Posted by: Margaret Rouse
Cloud computing, glossary, Technology
Have you ever wanted to make up a word? Now’s the time. Just make sure it has something to do with a cloud. Play a little Rolling Stones and get those neurons firing (Hey, hey, hey, hey — get off of my cloud)
I just want to jot these down before I forget. Seems like every day I stumble across more newly-coined cloud terms. Did you know how cloud computing got its name? From flow charts, where a cloud is used to represent the Internet.
cloud app - a software application that is never installed on a local machine — it’s always accessed over the Internet.
cloud arcs – short for cloud architectures. Designs for software applications that can be accessed and used over the Internet. (Cloud-chitecture is just too hard to pronounce.)
cloud bridge – running an application in such a way that its components are integrated within multiple cloud environments (which could be any combination of internal/private and external/public clouds).
cloudcenter – a large company, such as Amazon, that rents its infrastructure.
cloud client – computing device for cloud computing. Updated version of thin client.
cloud enabler – vendor that provides technology or service that enables a client or other vendor to take advantage of cloud computing.
cloud envy – used to describe a vendor who jumps on the cloud computing bandwagon by rebranding existing services.
cloud OS - also known as platform-as-a-service (PaaS). Think Google Chrome.
cloud portability – the ability to move applications and associated data across multiple cloud computing environments.
cloud provider – makes storage or software available to others over a private network or public network (like the Internet.)
cloud service architecture (CSA) - an architecture in which applications and application components act as services on the Internet
cloud storage – (just what it says) Sometimes compared to leasing a car – you’ll have monthly payments but hopefully you’ll always have the lastest/greatest technology. You’ll never own the technology though.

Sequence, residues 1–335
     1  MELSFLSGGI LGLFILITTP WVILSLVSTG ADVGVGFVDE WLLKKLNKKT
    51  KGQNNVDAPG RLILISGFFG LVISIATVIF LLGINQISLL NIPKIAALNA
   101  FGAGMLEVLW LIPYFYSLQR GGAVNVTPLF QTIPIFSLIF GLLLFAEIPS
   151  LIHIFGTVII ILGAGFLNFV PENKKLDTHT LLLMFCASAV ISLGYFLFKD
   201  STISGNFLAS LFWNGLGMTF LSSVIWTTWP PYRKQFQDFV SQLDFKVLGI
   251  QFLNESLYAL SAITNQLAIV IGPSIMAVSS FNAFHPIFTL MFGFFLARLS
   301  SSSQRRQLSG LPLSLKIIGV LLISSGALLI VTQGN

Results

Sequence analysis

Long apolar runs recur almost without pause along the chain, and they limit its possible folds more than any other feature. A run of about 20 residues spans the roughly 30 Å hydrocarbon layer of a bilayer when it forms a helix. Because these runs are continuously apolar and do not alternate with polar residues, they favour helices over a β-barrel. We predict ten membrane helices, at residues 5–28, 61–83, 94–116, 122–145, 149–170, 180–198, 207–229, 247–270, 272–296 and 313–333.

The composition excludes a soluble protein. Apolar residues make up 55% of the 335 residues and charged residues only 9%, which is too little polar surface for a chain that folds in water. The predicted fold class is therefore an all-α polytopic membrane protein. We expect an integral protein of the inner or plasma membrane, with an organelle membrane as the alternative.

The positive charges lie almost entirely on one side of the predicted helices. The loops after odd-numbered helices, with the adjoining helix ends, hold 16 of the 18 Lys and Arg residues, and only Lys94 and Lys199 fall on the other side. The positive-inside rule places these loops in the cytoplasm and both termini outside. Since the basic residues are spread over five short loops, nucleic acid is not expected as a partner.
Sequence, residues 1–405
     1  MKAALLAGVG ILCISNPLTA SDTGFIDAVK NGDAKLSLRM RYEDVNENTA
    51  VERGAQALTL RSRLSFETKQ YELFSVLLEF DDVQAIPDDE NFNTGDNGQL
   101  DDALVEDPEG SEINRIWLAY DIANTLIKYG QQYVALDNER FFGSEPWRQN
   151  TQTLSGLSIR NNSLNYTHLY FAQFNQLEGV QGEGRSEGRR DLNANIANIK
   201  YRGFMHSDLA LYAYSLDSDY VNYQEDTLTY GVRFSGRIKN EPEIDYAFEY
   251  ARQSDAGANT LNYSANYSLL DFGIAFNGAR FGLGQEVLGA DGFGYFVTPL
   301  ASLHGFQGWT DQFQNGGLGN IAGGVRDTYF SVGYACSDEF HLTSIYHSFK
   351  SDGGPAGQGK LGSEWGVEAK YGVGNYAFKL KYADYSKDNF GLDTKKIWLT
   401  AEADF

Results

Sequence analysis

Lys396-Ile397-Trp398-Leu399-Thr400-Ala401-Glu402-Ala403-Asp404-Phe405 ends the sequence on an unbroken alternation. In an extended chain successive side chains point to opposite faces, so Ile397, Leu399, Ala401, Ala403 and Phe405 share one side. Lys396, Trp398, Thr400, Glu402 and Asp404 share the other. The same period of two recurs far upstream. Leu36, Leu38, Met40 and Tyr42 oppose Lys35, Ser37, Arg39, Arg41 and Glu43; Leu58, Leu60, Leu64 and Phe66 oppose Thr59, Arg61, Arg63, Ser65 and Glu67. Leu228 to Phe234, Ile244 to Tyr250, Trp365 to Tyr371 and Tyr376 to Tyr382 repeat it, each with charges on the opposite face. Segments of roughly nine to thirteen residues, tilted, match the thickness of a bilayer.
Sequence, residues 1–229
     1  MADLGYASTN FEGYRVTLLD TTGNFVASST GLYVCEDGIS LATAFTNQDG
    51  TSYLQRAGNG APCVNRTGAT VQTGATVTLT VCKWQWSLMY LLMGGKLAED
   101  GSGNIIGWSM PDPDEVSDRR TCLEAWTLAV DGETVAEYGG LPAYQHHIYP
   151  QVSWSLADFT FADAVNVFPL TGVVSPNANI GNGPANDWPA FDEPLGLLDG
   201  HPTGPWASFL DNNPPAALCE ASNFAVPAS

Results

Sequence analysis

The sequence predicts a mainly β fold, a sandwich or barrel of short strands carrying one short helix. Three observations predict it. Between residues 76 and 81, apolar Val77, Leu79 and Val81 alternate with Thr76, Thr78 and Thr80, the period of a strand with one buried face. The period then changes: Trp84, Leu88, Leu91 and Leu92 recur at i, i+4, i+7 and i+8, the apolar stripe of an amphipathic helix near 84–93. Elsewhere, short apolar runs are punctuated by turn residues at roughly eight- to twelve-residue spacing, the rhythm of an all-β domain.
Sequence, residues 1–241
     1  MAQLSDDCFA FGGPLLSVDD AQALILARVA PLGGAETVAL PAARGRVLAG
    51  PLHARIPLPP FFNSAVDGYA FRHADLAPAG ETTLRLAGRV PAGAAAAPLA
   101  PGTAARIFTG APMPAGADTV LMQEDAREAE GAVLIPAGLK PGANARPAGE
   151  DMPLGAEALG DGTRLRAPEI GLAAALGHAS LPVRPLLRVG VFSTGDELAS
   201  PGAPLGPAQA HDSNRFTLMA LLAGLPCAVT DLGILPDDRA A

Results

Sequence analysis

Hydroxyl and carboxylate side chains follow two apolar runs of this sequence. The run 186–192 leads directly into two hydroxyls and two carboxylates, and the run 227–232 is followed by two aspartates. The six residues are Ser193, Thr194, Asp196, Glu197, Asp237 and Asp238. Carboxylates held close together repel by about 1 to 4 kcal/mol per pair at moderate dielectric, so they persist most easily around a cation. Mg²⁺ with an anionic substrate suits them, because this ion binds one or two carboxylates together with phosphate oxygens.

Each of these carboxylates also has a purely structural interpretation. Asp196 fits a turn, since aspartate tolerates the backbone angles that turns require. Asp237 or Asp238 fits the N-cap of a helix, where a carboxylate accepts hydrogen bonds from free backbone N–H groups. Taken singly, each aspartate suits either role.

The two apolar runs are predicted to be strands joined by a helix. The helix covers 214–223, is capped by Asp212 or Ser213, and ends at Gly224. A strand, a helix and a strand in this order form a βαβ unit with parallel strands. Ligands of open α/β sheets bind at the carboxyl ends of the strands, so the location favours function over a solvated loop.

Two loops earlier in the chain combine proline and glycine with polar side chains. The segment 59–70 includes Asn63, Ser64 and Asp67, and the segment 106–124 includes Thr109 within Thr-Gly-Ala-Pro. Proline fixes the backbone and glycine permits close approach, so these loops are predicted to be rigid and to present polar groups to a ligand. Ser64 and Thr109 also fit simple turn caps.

cloudburst - what happens when your cloud has an outage or security breach and your data is unavailable.
cloud as a service (CaaS) - a cloud computing service that has been opened up into a platform that others can build upon.
cloud-oriented architecture (COA) – IT architecture that lends itself well to incorporating cloud computing components.
cloudsourcing – outsourcing storage or taking advantage of some other type of cloud service.
cloudstorm – connecting multiple cloud computing environments. Also called cloud network.
cloudware – software that enables building, deploying, running or managing applications in a cloud computing environment.
cloudwashing – slapping the word “cloud” on products and services you already have.
external cloud – a cloud computing environment that is external to the boundaries of the organization.
funnel cloud – discussion about cloud computing that goes round and round but never turns into action (never “touches the ground”)
hybrid cloud – a computing environment that combines both private and public cloud computing environments.
internal cloud – also called a private cloud. A cloud computing-like environment within the boundaries of an organization.
personal cloud – synonymous with something called MiFi, a personal wireless router. It takes a mobile wireless data signal and translates it to wi-fi. It’s pronounced ME-fi, as in “the personal cloud belongs to me — but if you’re nice I’ll let you connect.”
private cloud – an internal cloud behind the organization’s firewall. The company’s IT department provides softwares and hardware as a service to its customers — the people who work for the company. Vendors love the words “private cloud.”
public cloud – a cloud computing environment that is open for use to the general public.
roaming workloads- the backend product of cloudcenters.
vertical cloud – a cloud computing environment optimized for use in a particular vertical industry
virtual private cloud (VPC) – similar to VPN but applied to cloud computing. Can be used to bridge private cloud and public cloud environments.
Have you run into a cloud word that’s not on this list or have an addition/correction to my notes above? Drop a comment below or write to me – mrouse at techtarget dot com.